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Old 10-29-2013, 01:36 PM
 
127 posts, read 225,471 times
Reputation: 76

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Quote:
Notice Period
Before an eviction action can be filed, notice must usually be given to the tenant. The type of notice depends on the circumstances. If the landlord alleges that the tenant has violated a provision of the lease or rental agreement, such as by failing to pay rent or by disturbing other tenants, the landlord must give the tenant at least three days to correct the problem. If the tenant occupies residential premises and has lived in the premises for less than a year, the tenant must be given a minimum of 30 days' notice to vacate, assuming that the lease or rental agreement has expired. If the tenant has lived in the premises for more than one year, the landlord must provide at least 60 days' notice to vacate. If the tenant fails to vacate within the appropriate notice period, or fails to correct his breach of the agreement, the landlord may pursue an eviction action.
Filing and Serving the Eviction Lawsuit
The eviction process is commenced by filing a document called a complaint with the court clerk. After the complaint is filed, a copy of the complaint must be served on the tenant. Tenants often try to avoid service in an attempt to avoid eviction. In extreme cases, the complaint may be served on the tenant by posting a copy of the complaint at the tenant’s residence and mailing the tenant a copy, a technique sometimes referred to as “nail and mail.” However, a complaint cannot be served by this method without permission from the court. In some counties, this requires a court hearing, while in other counties some paperwork is filed with the clerk and returned to the landlord by mail after having been signed by the judge. How long this takes varies by the court’s caseload at the time.
Tenant’s Opportunity to Respond
Once the tenant has been served with a copy of the eviction complaint, the tenant must be given an opportunity to respond to the complaint by filing a “response.” A response can either be a motion that attacks the sufficiency of the complaint or notice, a motion that attacks how the notice was served, or an answer that responds to the substance of the complaint. A tenant has five court days to file a response.
Setting a Court Date
After the tenant has filed a response, or if the tenant failed to file a response, the landlord may request a court date from the court clerk. When the court date is scheduled varies greatly among counties, as not all court caseloads are the same. Generally, a court date will be scheduled within 10 to 20 days from the date of the request.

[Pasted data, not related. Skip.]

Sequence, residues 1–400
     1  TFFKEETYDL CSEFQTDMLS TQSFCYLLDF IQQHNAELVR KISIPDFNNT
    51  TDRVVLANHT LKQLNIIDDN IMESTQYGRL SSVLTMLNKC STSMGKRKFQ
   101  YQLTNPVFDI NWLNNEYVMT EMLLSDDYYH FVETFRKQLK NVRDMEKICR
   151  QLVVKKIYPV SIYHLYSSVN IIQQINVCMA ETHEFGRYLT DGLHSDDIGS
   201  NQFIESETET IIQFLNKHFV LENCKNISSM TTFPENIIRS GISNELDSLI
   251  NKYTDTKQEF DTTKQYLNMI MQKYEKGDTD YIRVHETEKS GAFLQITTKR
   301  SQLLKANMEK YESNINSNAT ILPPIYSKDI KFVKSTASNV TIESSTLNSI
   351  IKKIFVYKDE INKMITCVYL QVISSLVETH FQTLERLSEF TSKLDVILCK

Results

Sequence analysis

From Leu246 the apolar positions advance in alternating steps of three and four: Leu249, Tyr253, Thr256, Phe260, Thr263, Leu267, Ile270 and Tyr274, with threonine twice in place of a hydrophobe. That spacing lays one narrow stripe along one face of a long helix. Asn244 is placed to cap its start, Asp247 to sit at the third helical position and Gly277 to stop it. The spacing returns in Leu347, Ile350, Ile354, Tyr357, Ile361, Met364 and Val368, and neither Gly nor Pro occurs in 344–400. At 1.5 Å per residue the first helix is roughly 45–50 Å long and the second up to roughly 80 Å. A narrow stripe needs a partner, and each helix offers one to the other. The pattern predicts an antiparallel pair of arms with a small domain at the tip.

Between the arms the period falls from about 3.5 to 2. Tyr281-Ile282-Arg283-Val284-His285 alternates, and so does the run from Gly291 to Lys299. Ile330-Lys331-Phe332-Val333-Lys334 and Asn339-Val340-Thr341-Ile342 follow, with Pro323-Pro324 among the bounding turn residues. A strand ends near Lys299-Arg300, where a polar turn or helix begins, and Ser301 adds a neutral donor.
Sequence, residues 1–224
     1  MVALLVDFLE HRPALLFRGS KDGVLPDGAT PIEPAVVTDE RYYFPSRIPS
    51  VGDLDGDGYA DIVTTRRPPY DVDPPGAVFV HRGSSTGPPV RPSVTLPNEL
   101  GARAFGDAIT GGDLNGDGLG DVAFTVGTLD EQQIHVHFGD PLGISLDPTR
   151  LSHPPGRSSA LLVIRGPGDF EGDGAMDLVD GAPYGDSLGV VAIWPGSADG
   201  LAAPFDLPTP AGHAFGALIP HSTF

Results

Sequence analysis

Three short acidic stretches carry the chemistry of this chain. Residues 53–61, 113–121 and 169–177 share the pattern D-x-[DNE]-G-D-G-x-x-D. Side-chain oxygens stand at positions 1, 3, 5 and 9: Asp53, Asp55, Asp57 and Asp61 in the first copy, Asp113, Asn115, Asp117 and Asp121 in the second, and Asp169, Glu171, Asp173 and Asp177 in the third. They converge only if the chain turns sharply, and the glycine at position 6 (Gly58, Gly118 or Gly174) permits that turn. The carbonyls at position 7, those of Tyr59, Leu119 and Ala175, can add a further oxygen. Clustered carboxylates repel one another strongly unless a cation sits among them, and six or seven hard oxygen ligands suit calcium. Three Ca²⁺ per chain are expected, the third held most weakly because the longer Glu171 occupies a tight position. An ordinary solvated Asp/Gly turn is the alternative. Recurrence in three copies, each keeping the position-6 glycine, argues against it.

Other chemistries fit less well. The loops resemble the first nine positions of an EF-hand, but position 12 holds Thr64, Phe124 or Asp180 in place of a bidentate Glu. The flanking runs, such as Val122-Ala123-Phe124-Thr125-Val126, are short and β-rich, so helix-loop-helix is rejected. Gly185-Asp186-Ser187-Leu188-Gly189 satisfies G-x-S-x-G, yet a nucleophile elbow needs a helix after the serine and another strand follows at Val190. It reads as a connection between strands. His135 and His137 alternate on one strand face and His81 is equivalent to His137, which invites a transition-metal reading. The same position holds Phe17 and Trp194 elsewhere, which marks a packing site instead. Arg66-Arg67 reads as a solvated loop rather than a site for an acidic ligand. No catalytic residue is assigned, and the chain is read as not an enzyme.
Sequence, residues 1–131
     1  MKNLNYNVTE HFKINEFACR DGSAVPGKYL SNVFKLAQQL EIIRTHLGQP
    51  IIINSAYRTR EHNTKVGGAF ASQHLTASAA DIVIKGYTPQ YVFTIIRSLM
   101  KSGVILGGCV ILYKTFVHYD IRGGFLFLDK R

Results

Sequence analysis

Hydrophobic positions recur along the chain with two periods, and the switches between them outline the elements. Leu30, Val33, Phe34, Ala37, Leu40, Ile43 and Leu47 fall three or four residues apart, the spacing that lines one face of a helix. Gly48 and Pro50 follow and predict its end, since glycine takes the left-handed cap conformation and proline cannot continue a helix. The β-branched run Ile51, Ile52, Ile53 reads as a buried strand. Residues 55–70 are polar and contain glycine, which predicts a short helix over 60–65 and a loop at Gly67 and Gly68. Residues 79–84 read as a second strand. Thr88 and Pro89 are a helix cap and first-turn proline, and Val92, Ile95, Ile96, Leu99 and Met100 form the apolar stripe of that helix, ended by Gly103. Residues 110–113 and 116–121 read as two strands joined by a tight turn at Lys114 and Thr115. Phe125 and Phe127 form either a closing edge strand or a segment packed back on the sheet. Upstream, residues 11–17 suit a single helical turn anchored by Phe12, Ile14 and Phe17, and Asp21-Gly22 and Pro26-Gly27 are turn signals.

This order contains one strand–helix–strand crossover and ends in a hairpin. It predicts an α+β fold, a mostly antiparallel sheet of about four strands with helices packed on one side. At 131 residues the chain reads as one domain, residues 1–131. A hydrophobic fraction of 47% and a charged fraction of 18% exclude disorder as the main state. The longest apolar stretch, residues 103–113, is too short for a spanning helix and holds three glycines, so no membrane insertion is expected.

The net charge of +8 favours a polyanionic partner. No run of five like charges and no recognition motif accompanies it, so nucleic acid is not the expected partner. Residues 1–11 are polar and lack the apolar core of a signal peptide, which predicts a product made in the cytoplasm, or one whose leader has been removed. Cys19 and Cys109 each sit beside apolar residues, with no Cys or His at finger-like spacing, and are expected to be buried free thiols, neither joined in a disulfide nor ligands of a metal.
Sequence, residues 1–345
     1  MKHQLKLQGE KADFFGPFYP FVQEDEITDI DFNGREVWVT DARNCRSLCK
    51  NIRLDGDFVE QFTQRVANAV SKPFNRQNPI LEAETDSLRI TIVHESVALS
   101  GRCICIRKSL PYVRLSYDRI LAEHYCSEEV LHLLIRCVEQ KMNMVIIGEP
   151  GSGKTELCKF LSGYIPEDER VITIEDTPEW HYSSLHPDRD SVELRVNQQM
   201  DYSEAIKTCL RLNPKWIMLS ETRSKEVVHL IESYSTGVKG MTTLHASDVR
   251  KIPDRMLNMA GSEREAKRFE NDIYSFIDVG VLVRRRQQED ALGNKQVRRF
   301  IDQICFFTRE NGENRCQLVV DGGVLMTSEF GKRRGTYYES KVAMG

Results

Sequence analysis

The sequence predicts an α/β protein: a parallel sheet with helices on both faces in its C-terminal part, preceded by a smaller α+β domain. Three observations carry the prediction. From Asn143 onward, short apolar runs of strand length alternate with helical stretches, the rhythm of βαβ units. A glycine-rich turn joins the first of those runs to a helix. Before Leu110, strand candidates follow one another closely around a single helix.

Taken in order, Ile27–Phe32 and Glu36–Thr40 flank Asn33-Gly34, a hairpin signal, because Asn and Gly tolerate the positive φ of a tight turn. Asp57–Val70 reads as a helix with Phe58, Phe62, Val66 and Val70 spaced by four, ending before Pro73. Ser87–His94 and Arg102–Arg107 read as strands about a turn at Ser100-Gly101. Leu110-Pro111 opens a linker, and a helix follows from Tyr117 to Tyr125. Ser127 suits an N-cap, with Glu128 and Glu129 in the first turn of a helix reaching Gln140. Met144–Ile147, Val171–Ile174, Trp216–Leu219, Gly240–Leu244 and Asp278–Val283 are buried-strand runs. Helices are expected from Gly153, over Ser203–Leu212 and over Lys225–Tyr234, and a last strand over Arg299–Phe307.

Delivering and Executing the Writ of Possession to the Sheriff
Assuming that the court found in the landlord’s favor, the court will issue a document called a “Writ of Possession,” which provides that the landlord now has the right to possession and directs the county sheriff to evict the tenant from the premises. The landlord must deliver the writ to the sheriff, who then posts a notice to vacate on the premises. Depending on the county, it usually takes the sheriff from 3 to 15 days to post the notice. The tenant is then given five days to vacate the premises. If the tenant fails to do so, the sheriff will return, usually within 6 to 15 days, and physically remove the tenant.
Got that from How Long Does it Take to Evict a Tenant in California? | Home Guides | SF Gate

Is it accurate?
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Old 10-29-2013, 01:41 PM
 
Location: The Triad (NC)
30,243 posts, read 66,794,401 times
Reputation: 35746
Quote:
Originally Posted by luvca View Post
Is it accurate?
It's theory. ... The real world is rarely aligned with theories.
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Old 10-29-2013, 01:59 PM
 
Location: SoCal
542 posts, read 1,326,843 times
Reputation: 750
Quote:
Originally Posted by luvca View Post
Looks generally accurate for CA. Are you planning on getting evicted???
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Old 10-30-2013, 04:55 PM
 
127 posts, read 225,471 times
Reputation: 76
Yea!

Well, not exactly. Today I got the 3 DAYS PAY OR QUIT Notice. It was just for $108 I withheld from the first 5 days after lease signing when I was still on my way to move into apt (yea, low rent for tiny cave i mean studio on crowded street), pending outstanding repairs for which I've given pages of maintenance requests over the past 1st 30 days.